Teamwork. Determination. Satisfaction. Video gaming missions provide us with an escape from reality that is often viewed as simple and relaxing. However, the dedication required to conquer these complex missions goes largely unnoticed. The copious, and often draining, amounts of effort and cooperation applied to these missions is rewarded by overcoming the obstacles and completing the challenge. The teamwork, determination, and satisfaction of gaming missions are characteristics also visible in a unique approach of defense in the cybersecurity industry—threat hunting.
As hackers continue to bypass perimeter defense strategies, many organizations are shifting to iterative hunting exercises supported by threat intelligence operations. Threat hunting is based on the hypothesis that threats are actively adapting to and eluding defenses. The similarities that can be drawn between threat hunting and video gaming stem from the nature of their task: overcome obstacles to achieve an objective.
In gaming missions, the difficulty of challenges is programmed, largely remaining unchanged. With repetition, one only gets better and more likely to succeed. Similarly, individual threat actors often use the same set of proven techniques over time. By creating an iterative hunting process involving a threat intelligence ecosystem, hunters optimize threat response speed and success.
Still, the dynamic nature of threat actors makes hunting uniquely different to gaming in the aspect of difficulty. Threat hunters are tasked with identifying changes in attack trends and subsequently building threat model profiles of entities they encounter. While more static in nature, gaming missions require similar planning and collaboration between team members in order to achieve their goal.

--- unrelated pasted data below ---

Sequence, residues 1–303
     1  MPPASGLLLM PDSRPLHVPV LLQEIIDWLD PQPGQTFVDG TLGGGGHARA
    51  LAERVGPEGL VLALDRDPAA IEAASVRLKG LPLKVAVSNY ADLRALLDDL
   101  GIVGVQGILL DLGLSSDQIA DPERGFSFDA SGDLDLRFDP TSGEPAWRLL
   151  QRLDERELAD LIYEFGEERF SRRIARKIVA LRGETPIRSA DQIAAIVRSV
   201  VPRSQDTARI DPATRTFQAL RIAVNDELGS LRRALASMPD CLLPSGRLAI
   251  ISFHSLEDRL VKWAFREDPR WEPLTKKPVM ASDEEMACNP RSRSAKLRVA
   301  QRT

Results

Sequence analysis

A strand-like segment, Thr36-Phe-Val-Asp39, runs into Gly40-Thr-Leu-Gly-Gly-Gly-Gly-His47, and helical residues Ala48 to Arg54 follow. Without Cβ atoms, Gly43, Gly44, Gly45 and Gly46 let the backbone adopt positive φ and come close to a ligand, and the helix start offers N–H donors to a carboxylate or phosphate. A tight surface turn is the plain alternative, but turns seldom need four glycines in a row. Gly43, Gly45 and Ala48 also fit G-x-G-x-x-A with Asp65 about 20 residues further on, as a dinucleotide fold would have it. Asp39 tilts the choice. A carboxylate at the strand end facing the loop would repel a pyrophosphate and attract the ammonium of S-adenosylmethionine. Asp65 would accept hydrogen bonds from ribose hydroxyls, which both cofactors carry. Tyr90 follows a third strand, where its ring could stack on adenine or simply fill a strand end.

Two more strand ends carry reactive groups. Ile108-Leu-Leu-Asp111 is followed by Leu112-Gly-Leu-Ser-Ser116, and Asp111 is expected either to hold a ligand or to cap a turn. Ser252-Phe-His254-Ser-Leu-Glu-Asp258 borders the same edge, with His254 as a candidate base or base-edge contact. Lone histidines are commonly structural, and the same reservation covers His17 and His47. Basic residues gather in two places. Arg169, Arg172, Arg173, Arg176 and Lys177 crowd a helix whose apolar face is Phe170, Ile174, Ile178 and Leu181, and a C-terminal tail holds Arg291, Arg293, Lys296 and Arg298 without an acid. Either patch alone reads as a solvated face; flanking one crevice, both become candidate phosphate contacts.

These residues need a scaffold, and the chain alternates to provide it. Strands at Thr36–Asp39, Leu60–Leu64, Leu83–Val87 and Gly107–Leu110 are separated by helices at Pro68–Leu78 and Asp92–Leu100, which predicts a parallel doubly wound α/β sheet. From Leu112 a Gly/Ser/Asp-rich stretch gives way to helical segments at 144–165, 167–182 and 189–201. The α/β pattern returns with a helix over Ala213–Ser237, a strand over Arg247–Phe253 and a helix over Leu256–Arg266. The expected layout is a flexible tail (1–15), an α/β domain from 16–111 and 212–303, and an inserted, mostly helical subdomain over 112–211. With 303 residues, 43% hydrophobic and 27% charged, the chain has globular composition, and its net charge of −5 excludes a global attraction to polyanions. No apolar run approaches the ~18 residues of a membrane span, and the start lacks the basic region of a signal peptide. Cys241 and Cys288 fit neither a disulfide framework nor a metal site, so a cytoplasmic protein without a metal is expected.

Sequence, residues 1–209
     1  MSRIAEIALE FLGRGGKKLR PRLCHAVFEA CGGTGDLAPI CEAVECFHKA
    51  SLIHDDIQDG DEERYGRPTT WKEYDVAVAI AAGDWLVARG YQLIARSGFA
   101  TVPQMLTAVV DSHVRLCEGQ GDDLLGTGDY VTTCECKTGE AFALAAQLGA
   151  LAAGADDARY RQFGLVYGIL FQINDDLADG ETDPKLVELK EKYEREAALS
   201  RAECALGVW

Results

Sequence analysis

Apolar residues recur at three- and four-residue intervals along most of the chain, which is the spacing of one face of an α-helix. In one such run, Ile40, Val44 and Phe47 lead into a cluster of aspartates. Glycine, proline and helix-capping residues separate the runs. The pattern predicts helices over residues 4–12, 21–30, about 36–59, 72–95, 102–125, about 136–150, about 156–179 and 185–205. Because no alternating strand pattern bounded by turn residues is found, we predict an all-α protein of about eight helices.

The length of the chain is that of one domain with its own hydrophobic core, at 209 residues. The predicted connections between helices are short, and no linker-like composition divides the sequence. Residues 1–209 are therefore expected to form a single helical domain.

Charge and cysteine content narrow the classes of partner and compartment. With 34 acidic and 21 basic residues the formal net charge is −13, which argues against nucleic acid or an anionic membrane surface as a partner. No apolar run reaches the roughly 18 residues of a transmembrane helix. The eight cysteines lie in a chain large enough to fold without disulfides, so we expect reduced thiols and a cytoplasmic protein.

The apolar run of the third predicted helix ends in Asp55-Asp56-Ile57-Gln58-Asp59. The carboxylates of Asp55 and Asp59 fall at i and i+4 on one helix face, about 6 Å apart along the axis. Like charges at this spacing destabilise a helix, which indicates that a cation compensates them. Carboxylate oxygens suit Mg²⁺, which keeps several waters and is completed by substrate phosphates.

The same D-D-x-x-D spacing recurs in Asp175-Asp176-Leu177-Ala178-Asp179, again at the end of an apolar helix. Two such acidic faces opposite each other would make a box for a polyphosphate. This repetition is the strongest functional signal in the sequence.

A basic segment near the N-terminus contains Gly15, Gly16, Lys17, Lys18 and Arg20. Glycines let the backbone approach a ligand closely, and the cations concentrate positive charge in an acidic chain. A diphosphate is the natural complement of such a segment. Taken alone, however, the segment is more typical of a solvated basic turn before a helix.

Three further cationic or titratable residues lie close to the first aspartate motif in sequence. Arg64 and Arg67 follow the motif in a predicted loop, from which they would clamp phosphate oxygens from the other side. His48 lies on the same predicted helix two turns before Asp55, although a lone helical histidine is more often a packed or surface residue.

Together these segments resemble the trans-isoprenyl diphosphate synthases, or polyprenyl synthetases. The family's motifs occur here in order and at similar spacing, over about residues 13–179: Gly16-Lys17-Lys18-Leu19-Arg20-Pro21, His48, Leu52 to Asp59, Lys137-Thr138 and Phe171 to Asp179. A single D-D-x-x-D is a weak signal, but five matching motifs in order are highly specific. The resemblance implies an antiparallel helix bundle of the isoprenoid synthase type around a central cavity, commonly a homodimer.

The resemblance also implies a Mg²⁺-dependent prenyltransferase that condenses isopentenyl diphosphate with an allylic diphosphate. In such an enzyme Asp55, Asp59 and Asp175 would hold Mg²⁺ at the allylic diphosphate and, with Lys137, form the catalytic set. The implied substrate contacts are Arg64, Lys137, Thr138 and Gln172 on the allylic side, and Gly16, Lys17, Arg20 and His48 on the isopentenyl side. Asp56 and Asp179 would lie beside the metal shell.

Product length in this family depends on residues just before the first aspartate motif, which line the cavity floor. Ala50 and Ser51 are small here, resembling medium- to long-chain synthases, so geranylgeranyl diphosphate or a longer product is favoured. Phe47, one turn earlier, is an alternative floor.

Ultimately, the comparison between video gaming and threat hunting highlights their substantial correlation. Both require teamwork, determination, and ample effort in order to achieve an objective. All of this effort and coordination toward overcoming obstacles, from difficult levels to elusive threats, is rewarded with the satisfaction of success. For more information on this unique approach to cybersecurity and why we call it “hunt gaming,” check out my whitepaper, The Gamer Theory of Threat Hunting: A Unique Approach.
Kris Palmer is currently a principal security engineer at Anomali. Previous to Anomali, Kris filled multiple roles at HP/ArcSight, first as a PS consultant in 2010 and then a Solution Architect on the ArcSight global SIEM team in the Security Services SOC division of HP Enterprise. From 2006-2010 he was a Security and Software engineer at Raytheon IIS division working with intelligence weapon systems. He served six years in the US Air Force working with various classified C2 and intelligence systems and networks to include telecom/SATCOM systems. Kris studied at the University of Texas in Austin for part of his undergraduate degree in computer science and also has a masters in business administration from University of Phoenix.